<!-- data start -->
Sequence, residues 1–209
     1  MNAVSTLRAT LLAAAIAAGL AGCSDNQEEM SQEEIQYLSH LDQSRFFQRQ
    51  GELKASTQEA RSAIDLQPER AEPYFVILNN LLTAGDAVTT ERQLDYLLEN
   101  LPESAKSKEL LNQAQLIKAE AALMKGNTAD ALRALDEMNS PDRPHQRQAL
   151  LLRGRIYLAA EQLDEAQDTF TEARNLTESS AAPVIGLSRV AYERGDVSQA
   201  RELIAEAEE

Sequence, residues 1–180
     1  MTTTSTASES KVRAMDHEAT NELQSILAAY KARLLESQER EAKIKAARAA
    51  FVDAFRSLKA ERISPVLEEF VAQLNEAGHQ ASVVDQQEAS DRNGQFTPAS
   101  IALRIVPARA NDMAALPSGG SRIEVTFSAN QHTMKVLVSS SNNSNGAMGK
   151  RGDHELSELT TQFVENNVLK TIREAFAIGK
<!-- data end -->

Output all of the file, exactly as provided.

Sequence, residues 1–209
     1  MNAVSTLRAT LLAAAIAAGL AGCSDNQEEM SQEEIQYLSH LDQSRFFQRQ
    51  GELKASTQEA RSAIDLQPER AEPYFVILNN LLTAGDAVTT ERQLDYLLEN
   101  LPESAKSKEL LNQAQLIKAE AALMKGNTAD ALRALDEMNS PDRPHQRQAL
   151  LLRGRIYLAA EQLDEAQDTF TEARNLTESS AAPVIGLSRV AYERGDVSQA
   201  RELIAEAEE

Sequence, residues 1–180
     1  MTTTSTASES KVRAMDHEAT NELQSILAAY KARLLESQER EAKIKAARAA
    51  FVDAFRSLKA ERISPVLEEF VAQLNEAGHQ ASVVDQQEAS DRNGQFTPAS
   101  IALRIVPARA NDMAALPSGG SRIEVTFSAN QHTMKVLVSS SNNSNGAMGK
   151  RGDHELSELT TQFVENNVLK TIREAFAIGK